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## PS geometry regularization

Rosales and Biondi (2002a) introduce the converted-wave azimuth moveout operator. This operator transforms data from a given offset and azimuth to data with a different offset and azimuth. This operator is a sequential application of converted-wave dip moveout and its inverse. PS-AMO reduces to the known expression of AMO for the extreme case when the P velocity is the same as the S velocity. Moreover, PS-AMO preserves the resolution of dipping events and internally applies a correction for the lateral shift between the common midpoint and the common reflection/conversion point. An implementation of PS-AMO in the log-stretch frequency-wavenumber domain is computationally efficient.

For migration efficiency, we want to use a four-dimensional data cube instead of a full five-dimensional data cube. The crossline offset axis is reduced to only one element (hy=0). The traditional process uses Normal Moveout and stacking along the crossline direction to transform the data from an irregular grid to a regular grid with four axes; however, this technique does not consider the dip and the variations along the inline and crossline directions. In this paper, we use the PS-AMO operator to map the data into a regular 4-D mesh. We follow the method described first in Clapp (2006) and extended for PS data by Rosales and Clapp (2006).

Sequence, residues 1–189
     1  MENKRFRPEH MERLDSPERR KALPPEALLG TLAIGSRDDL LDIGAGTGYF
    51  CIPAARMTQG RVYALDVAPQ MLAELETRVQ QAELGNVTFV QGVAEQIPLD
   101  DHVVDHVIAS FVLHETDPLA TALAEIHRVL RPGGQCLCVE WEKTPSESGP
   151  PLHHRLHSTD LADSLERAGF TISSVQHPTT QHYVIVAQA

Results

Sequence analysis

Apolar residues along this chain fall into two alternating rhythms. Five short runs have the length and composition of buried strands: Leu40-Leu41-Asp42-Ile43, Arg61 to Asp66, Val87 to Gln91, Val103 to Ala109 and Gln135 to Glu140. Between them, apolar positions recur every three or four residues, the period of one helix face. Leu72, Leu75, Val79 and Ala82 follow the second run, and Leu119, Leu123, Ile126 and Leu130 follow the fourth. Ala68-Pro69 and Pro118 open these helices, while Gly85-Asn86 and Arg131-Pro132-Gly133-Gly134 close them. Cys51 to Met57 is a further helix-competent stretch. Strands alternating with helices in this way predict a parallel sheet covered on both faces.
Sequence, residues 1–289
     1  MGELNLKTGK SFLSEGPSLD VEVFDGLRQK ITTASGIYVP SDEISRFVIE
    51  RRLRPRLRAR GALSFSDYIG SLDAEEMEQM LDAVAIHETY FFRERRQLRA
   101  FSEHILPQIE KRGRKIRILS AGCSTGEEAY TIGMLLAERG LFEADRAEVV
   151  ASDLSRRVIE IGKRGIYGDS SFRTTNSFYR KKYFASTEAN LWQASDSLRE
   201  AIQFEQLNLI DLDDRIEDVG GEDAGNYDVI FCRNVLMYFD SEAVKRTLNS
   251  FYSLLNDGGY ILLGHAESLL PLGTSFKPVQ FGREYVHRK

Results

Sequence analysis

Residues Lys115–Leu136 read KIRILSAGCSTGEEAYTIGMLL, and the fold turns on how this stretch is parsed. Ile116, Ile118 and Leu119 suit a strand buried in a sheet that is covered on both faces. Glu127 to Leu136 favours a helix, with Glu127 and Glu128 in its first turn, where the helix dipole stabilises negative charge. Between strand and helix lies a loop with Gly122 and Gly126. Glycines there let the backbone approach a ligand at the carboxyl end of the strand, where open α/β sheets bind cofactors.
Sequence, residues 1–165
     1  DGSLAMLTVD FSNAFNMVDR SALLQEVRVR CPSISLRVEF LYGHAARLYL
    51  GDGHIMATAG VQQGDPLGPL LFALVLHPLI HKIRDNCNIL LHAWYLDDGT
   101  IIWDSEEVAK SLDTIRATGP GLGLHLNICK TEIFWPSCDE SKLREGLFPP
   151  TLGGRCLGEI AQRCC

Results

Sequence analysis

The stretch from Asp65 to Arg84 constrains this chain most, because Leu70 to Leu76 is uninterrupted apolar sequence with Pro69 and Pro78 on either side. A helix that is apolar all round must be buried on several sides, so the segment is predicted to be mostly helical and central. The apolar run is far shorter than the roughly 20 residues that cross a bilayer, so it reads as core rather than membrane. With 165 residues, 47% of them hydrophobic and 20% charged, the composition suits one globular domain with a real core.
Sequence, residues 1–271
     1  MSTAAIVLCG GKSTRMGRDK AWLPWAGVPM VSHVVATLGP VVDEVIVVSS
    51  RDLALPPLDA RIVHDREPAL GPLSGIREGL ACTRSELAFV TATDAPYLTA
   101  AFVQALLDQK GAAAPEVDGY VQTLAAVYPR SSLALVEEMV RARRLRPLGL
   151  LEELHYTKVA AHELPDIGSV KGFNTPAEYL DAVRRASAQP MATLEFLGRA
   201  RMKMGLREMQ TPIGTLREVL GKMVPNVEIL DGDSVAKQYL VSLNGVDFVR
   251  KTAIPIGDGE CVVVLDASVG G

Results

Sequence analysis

flow
Figure 1
Diagram flow for the implementation of the PS-AMO operator.

We use the nearest-neighbor interpolation operator ()to map the data from an irregular mesh into a regular mesh. The PS-AMO operator (diagramed in Figure 1) allows the transformation between various vector offsets. We use PS-AMO to transform data from to hy=0. We can think of it in terms of an operator which is a sumation over hy. We allow for some mixing between hx by expanding our sumation to form hx=a hy=0, by summing over all hy and

 (1)
where is small.

We can combine these two operators to estimate a 4-D model () from a 5-D irregular dataset () through,
 (2)
Equation 2 amounts to just running the adjoint of the inversion implied by,
 (3)
The adjoint solution is not ideal. The irregularity of our data can lead to artifical amplitude artifacts. A solution to this problem is to approximate the Hessian implied by equation 3 with a diagonal matrix based on a reference model Rickett (2001),
 (4)
where
 (5)

Next: PS common-azimuth migration Up: Theory Previous: Theory
Stanford Exploration Project
1/16/2007